Motivation

In this paper we use Monte Carlo simulation to show the relationship between the Information Coefficient (IC), correlation, decile returns, and linear regression.1 We can also gain insight into investment related questions, such as

  • What level of IC is considered good?
  • What effect does volatility have on the spread?
  • What effect does universe size have on the hit rate?

We will start off by defining some terms so we are all on the same page.

  • The Spread is the difference between the average top decile return and the average bottom decile return.
  • The IC is the correlation between two series, here the return series and the exposure series. The regular Pearson correlation can be used here, but most times Spearman’s Rank correlation is used because it is less effected by outliers.
  • A linear model is the regression of one series versus another resulting in an intercept and a coefficients which describes the relationship between the two variables.
  • R-squared measures the goodness of fit of the linear model. It is also referred to as the coefficient of determination.

Simulation Process

We proceed by assuming asset returns are normally distributed and we generate two random series from a bivariate normal distribution with given mean and correlation. We will call the first random series the returns and call the second random series the exposures. The exposures represent the factor, which could be momentum, book to price, or any other factor.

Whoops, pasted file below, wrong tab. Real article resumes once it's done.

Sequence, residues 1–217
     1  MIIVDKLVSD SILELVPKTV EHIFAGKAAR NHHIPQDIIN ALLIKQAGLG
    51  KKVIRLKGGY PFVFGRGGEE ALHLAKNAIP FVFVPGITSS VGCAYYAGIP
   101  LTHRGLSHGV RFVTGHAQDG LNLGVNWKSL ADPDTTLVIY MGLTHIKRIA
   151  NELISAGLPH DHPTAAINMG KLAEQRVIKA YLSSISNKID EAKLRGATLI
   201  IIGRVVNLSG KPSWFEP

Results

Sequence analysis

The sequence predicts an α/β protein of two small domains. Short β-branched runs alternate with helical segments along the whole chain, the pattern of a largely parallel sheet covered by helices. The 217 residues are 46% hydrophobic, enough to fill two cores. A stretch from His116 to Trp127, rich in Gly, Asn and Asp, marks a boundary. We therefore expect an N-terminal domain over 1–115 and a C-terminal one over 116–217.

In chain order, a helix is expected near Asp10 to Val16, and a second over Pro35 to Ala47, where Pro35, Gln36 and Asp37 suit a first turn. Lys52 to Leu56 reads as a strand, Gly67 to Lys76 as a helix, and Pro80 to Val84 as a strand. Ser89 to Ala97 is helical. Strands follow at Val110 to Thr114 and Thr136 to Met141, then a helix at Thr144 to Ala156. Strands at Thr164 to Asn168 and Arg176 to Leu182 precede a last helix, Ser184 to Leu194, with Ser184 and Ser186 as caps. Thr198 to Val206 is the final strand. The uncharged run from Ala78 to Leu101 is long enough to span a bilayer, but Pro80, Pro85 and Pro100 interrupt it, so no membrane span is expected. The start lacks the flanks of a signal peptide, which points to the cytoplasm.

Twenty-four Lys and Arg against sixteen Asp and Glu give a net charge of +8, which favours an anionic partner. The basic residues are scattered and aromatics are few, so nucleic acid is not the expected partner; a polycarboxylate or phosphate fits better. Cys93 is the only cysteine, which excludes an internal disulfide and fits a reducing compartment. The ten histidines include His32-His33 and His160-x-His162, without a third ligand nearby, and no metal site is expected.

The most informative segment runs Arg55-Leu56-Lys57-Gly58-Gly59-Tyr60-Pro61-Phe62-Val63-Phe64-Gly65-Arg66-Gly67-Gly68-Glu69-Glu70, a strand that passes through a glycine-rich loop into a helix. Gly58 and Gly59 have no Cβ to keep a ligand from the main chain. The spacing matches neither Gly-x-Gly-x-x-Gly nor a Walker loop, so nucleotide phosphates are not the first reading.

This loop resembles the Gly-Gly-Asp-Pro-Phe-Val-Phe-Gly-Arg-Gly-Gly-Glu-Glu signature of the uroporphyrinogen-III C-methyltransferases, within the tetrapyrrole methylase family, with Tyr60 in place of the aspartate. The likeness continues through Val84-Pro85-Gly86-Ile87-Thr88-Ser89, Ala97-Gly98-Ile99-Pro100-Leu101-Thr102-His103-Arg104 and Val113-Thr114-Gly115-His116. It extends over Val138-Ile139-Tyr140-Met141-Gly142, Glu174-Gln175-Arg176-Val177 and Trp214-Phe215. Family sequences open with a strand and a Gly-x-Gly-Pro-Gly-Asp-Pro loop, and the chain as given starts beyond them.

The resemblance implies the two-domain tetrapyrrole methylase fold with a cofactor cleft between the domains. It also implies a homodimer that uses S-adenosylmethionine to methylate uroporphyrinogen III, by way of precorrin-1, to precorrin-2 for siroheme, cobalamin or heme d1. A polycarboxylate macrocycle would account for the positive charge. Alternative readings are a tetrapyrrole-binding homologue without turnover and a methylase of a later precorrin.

As defined above, the correlation between the two random series is the IC. Here is how each simulation is performed

  • Divide into deciles based on exposures
  • Calculate spread between top decile and bottom decile
  • Calculate the IC
  • Run a linear regression

Base case

To run the simulation we use the R programming language’s multivariate random number generator function mvrnorm from the MASS package to generate two series for each simulation. Both series have zero mean. They only thing they have in common is a correlation, which we vary from zero to twenty percent. Before going further into the details, let’s have a look at some simulations so we can describe how everything relates.

Table - 1 Assets: 1000 Simulations: 3000
Correlation Return.Vol Exposure.Vol Spread Pct.Positive IC R.squared R Coef Scaled.IC
0.00 0.08 0.08 -3.602 0.481 -0.001 0.001 0.025 -0.001 -0.001
0.01 0.08 0.08 28.432 0.604 0.010 0.001 0.026 0.010 0.010
0.02 0.08 0.08 55.937 0.691 0.019 0.001 0.031 0.020 0.019
0.03 0.08 0.08 85.344 0.775 0.030 0.002 0.037 0.031 0.030
0.04 0.08 0.08 111.117 0.832 0.037 0.003 0.042 0.039 0.037
0.05 0.08 0.08 139.557 0.897 0.048 0.003 0.051 0.050 0.048
0.06 0.08 0.08 169.638 0.927 0.058 0.005 0.061 0.060 0.058
0.07 0.08 0.08 195.786 0.967 0.067 0.006 0.070 0.070 0.067
0.10 0.08 0.08 278.362 0.996 0.095 0.011 0.100 0.100 0.095
0.20 0.08 0.08 561.558 1.000 0.192 0.041 0.200 0.200 0.192